How much knowledge will I gain by studying for a certification?

November 25th, 2008 | by Ivan Pepelnjak |

I received an interesting comment on one of my knowledge/certification-related posts:

“I used to think that certifications were a useful indicator of knowledge or at least initiative, but I’m changing my mind. [...] I feel like I’ve gotten a lot out of studying for certifications, especially CCIE, but I’m starting to wonder if that’s the exception.”

I guess a lot of prospective internetworking engineers are thinking along the same lines, so here’s my personal perspective on this issue.

The answer most commonly heard in the Cisco ecosystem applies here as well: “It depends.” If you’re pursuing certifications purely to enhance your career chances, increase your salary or get access to better jobs, using any means necessary to get there (including brain dumps), you won’t get a lot of knowledge out of that process.

Maybe you’ll remember some of the memorized answers long enough to be able to serve them during a job interview, but unless you’re a hidden genius (in which case you wouldn’t have to cheat anyway), you won’t be able to arrange the building blocks covered by the certification topics into a meaningful picture that would help you to understand the underlying principles needed to design, configure and troubleshoot networks.

However, if you want to build your long-term career around the internetwork technology, pursuing a relevant certification is a good way to increase your knowledge. I like to compare certifications to academic degrees: they provide a comprehensive roadmap that gives you well-rounded knowledge in multiple areas that you can later enhance with on-the-job experience and further focused study. As with the academic degrees, some of the topics will be highly irrelevant, some of the others covered only sporadically or not to the depth you’d like to see, but that’s the reality of any structured curriculum; it cannot address all personal needs and wishes. Plenty of material and learning aids are available to help you increase your knowledge, including classroom training, e-learning, remote labs, simulations, computer-based training, recordings and books. If you approach these learning materials with the attitude “I want to understand what’s going on,” instead of “I want to pass the exam at any cost,” you’ll increase your knowledge dramatically while getting the certification almost as a side effect.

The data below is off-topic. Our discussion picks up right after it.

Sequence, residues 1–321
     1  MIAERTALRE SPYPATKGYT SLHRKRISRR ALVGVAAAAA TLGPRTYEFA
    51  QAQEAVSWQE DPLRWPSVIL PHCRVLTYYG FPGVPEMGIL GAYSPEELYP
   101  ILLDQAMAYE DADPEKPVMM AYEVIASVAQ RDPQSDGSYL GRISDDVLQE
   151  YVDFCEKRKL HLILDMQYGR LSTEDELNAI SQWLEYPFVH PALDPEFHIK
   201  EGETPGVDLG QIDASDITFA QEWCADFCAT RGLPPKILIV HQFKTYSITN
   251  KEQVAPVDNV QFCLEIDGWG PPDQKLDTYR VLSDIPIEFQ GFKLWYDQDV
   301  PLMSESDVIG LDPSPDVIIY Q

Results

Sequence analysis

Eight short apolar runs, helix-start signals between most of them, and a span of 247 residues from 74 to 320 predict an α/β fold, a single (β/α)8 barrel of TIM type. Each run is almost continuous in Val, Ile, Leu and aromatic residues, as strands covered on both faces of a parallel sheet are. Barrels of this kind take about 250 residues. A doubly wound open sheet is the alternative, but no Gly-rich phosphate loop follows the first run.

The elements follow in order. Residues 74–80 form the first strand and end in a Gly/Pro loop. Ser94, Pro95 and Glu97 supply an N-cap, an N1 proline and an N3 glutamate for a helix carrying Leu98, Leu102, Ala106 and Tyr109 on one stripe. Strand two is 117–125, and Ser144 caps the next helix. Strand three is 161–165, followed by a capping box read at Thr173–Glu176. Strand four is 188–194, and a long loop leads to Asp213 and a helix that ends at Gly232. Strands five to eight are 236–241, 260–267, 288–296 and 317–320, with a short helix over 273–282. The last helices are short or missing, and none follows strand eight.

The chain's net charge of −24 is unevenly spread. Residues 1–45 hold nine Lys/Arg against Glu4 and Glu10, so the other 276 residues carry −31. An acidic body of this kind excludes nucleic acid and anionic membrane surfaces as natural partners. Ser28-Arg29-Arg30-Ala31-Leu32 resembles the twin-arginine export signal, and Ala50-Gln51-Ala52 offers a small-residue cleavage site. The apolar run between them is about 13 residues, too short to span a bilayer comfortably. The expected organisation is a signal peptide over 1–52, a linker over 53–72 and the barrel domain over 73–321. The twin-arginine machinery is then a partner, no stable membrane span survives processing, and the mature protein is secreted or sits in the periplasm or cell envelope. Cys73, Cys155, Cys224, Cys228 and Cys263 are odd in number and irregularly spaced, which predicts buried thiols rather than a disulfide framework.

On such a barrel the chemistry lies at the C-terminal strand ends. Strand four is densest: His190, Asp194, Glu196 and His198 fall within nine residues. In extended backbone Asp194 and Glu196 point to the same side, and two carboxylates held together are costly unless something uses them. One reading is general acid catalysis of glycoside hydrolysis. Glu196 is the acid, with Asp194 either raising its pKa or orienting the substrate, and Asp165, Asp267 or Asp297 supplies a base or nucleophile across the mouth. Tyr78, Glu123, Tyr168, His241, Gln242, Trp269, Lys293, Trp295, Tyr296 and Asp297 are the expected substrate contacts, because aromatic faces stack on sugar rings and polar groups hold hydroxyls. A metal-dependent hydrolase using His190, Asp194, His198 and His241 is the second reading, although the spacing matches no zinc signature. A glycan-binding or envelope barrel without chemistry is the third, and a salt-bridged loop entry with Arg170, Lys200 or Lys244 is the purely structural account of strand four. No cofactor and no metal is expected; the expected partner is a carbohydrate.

Let me conclude with a highly biased personal opinion: if you really want to gain knowledge (and you can afford it), don’t use the “exam preparations,” even if they come from reputable sources. If you go to a certification center and pass the exam without ever seeing a sample test question (which you should be able to do if you’ve invested enough time in your studies), you’ll dramatically increase your confidence and self-esteem. If you fail, you can still fall back to the “proven” methodology and prepare for the next try with hundreds of practice questions.

  1. One Response to “How much knowledge will I gain by studying for a certification?”

  2. By Scott V on Nov 28, 2008 | Reply

    I agree with this sentiment Ivan. In fact, I just spent nearly two months (pretty much full time) preparing for R&S recertification so that I could thoroughly review all topics, with an emphasis on those I haven’t touched since my lab prep days.

    I also think it’s important that people not “over certify.” On one of the mailing lists, we’ve been hearing from some young chap who certified R&S with zero years/months/days of industry experience. And he noted his extreme boredom during lab prep, which I think is telling as far as where his passion likely lies. Cisco and other vendors should protect their expert-level certifications with a “years in industry” requirement, IMHO. How can you possibly be an expert at something you’ve never done outside of a home lab environment? (And let’s face it, even the real lab barely mimics a live network with mission critical traffic flowing every which direction).

    Hopefully this comment isn’t too OT, but I see these issues as being tightly interwoven…

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